Out in the desert, Simba collapses from heat exhaustion. Vultures begin to circle, but are scared away by Timon the meerkat and Pumbaa the warthog. Simba feels responsible for Mufasa’s death, but the duo take the cub to their jungle home and show him their carefree way of life and bug diet. Simba grows to adulthood in the jungle.
The chorus, dressed in colourful clothes with ornate bird puppets and kites, begin the Second Act. As the song ends, however, the beautiful birds are replaced by vultures and gazelle skeletons. Under Scar’s rule, the Circle of Life is out of balance and a drought has hit the Pride Lands. Zazu, now a prisoner of Scar, listens to the king’s woes. The hyenas are complaining about the lack of food, but Scar is only concerned with himself and why he is not loved. He is haunted by visions of Mufasa and rapidly switches between delusional confidence and paranoid despair. Nala arrives to confront Scar about the famine and Scar decides she will be his queen and give him cubs. Nala fiercely rebukes him and resolves to leave the Pride Lands to find help. Rafiki and the lionesses bless her for her journey.
Back in the jungle, Timon and Pumbaa want to sleep, but the restless Simba is unable to settle. Annoyed, Simba leaves them, but Timon and Pumbaa lose their courage and follow him. Simba leaps across a fast-moving river and challenges Timon to do the same. Timon falls in and is swept downstream. He grabs a branch over a waterfall and calls for Simba’s help, but Simba is paralysed by a flashback of Mufasa’s death. Timon falls from the branch and Simba snaps out of the flashback, rescuing his friend. Simba is ashamed that Timon nearly died because of his recklessness. The three friends settle to sleep and discuss the stars. Simba recalls Mufasa’s words, but his friends laugh at the notion of dead kings watching them. Simba leaves, expressing his loneliness and bitterly recalling Mufasa’s promise to be there for him. Rafiki hears the song on the wind, joyfully realises that Simba is alive, and draws a mane onto her painting of Simba.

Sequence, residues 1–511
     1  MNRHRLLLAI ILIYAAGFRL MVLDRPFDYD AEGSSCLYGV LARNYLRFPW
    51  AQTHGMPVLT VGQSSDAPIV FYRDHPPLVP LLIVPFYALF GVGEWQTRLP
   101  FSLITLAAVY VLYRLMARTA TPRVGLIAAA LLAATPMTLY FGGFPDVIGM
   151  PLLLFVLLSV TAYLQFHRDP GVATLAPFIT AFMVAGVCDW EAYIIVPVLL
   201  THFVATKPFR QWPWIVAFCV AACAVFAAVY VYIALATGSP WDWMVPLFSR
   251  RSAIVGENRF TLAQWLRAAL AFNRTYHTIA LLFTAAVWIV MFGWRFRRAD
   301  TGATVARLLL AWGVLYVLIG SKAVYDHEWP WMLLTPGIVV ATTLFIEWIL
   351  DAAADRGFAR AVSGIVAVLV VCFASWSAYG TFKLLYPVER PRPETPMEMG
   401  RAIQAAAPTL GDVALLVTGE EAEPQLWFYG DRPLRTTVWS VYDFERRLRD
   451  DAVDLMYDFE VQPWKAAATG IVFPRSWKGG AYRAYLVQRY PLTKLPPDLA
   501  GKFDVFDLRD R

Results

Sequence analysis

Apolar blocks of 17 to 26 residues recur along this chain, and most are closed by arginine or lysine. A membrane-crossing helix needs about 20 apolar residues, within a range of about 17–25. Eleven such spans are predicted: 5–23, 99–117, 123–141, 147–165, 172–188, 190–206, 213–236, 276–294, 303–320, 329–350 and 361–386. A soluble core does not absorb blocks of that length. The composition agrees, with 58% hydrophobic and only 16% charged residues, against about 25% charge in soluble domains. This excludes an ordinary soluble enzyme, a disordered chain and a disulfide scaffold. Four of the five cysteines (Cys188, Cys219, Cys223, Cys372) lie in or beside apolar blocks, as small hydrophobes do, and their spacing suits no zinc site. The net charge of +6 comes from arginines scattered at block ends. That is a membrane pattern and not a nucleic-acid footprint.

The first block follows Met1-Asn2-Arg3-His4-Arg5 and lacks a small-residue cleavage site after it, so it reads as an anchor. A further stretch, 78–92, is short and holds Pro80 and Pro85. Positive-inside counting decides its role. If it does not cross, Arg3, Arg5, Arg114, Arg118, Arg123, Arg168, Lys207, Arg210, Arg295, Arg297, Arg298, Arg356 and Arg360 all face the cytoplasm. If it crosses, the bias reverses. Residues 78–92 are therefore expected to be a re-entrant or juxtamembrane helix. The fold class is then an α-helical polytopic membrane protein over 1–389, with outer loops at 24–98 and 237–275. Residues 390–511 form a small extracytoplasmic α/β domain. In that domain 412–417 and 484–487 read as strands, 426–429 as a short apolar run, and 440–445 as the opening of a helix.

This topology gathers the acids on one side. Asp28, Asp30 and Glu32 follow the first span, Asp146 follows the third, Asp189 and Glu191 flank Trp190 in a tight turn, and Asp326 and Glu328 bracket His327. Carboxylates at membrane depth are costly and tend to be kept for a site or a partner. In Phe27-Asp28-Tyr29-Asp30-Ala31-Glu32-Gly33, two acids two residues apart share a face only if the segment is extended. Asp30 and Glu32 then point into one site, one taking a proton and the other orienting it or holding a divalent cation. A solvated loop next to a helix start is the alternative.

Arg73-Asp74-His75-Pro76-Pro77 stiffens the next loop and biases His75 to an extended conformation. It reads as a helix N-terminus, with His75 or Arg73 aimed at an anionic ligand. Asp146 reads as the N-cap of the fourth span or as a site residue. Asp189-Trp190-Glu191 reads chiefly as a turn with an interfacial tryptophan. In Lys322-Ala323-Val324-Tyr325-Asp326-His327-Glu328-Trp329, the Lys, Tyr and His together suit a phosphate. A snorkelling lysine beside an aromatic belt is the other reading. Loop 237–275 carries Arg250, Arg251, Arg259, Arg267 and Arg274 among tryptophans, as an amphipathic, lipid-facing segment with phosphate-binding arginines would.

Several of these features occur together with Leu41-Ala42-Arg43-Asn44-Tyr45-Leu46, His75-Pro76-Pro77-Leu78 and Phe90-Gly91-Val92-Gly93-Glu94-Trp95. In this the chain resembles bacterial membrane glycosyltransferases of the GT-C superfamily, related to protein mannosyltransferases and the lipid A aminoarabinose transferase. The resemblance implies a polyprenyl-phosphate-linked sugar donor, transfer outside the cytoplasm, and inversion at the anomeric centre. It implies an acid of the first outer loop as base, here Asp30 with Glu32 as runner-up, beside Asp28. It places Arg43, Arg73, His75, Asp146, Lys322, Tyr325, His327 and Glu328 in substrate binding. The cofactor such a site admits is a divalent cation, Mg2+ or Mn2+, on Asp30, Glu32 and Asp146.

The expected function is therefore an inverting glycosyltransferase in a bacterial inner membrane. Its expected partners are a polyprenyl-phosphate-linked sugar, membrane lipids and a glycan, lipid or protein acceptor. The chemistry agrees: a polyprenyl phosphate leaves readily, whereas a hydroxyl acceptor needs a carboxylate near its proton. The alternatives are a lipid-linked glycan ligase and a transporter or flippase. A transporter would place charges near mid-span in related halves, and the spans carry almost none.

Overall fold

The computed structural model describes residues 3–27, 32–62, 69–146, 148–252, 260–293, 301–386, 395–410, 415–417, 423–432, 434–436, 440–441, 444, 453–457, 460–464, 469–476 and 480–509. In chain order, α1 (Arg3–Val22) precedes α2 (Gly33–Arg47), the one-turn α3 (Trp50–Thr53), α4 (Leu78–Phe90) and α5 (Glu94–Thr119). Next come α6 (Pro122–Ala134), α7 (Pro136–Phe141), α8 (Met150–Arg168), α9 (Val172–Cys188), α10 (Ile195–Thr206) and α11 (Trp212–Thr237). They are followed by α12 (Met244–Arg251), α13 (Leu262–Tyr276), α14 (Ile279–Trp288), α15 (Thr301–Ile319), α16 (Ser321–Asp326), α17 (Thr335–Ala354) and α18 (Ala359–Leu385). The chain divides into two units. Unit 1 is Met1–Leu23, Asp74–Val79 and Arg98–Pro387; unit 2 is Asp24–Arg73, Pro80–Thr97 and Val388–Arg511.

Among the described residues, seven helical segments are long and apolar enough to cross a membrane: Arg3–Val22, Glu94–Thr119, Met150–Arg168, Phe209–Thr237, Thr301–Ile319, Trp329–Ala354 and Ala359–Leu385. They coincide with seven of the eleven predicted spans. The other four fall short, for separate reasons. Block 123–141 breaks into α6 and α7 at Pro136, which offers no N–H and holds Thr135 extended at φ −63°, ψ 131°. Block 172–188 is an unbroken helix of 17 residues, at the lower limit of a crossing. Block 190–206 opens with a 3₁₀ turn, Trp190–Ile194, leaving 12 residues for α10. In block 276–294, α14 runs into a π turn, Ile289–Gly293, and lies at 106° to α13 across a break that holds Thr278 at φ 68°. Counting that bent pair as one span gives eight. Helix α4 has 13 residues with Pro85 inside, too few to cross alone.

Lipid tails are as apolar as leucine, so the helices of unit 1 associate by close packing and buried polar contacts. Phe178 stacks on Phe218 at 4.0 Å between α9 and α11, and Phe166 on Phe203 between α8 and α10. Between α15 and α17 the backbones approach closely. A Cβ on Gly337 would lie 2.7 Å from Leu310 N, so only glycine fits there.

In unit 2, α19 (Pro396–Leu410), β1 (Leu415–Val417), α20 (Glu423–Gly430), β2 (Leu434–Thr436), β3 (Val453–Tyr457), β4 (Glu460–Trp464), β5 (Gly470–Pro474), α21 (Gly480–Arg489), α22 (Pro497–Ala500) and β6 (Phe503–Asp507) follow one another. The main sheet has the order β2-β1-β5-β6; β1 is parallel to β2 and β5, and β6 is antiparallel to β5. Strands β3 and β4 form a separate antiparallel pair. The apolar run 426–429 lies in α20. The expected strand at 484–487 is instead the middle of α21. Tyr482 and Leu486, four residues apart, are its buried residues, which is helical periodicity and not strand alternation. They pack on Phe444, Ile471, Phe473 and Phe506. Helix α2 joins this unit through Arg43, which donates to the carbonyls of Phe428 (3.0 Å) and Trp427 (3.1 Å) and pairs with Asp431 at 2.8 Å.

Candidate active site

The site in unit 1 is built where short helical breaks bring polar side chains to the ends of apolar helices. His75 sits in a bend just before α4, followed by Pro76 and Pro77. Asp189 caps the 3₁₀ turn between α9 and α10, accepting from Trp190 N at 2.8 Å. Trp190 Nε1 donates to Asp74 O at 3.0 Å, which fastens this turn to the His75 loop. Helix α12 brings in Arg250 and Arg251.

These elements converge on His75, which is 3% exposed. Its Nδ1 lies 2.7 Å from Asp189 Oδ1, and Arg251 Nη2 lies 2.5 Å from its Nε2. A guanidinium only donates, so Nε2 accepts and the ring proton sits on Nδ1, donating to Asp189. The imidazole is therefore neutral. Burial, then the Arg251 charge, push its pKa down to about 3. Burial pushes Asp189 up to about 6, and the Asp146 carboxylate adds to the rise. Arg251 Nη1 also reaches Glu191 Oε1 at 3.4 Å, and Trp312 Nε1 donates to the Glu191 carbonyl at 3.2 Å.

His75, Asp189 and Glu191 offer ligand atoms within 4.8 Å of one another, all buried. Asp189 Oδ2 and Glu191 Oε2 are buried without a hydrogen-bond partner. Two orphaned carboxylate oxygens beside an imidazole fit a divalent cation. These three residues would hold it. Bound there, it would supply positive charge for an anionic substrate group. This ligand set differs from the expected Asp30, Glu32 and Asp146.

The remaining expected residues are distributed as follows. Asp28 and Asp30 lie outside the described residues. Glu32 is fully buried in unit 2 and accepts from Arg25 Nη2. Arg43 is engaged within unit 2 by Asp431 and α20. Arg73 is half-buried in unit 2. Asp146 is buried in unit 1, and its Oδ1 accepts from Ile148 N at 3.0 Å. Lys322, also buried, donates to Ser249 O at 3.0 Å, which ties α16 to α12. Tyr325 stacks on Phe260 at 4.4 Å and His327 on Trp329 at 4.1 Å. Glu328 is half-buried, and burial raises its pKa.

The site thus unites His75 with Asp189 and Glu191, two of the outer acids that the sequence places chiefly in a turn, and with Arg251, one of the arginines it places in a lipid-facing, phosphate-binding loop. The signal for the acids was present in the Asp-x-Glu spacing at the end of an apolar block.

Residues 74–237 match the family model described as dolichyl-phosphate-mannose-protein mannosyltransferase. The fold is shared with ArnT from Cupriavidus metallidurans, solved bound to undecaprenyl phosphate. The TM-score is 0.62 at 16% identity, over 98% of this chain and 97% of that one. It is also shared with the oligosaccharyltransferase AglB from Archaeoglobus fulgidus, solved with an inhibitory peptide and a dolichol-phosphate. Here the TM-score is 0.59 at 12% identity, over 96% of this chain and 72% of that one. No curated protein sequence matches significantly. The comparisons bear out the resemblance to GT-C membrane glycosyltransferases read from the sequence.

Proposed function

In the jungle, Pumbaa is hunted and chased by a lioness. Simba confronts her and saves his friend, but recognises the lioness as Nala. She is amazed to find Simba alive, knowing that he is the rightful king. Timon and Pumbaa are confused, but Simba asks them to leave him and Nala alone. Timon realizes what is happening and laments the end of Simba’s Hakuna Matata lifestyle. Nala tells Simba about the devastated Pride Lands, but Simba still feels responsible for Mufasa’s death and refuses to return.
On his own, Simba meets Rafiki, who explains that his father lives on. Mufasa’s spirit appears in the sky and tells Simba he is the one true king and must take his place in the Circle of Life. Reawakened, Simba finds his courage and heads for home. Meanwhile, Nala wakes Timon and Pumbaa to ask where Simba is, and Rafiki appears to tell them all the news. The three of them catch up with him in the Pride Lands, where he witnesses the ruin of his home. Timon and Pumbaa distract some hyenas, allowing Simba and Nala to reach Pride Rock.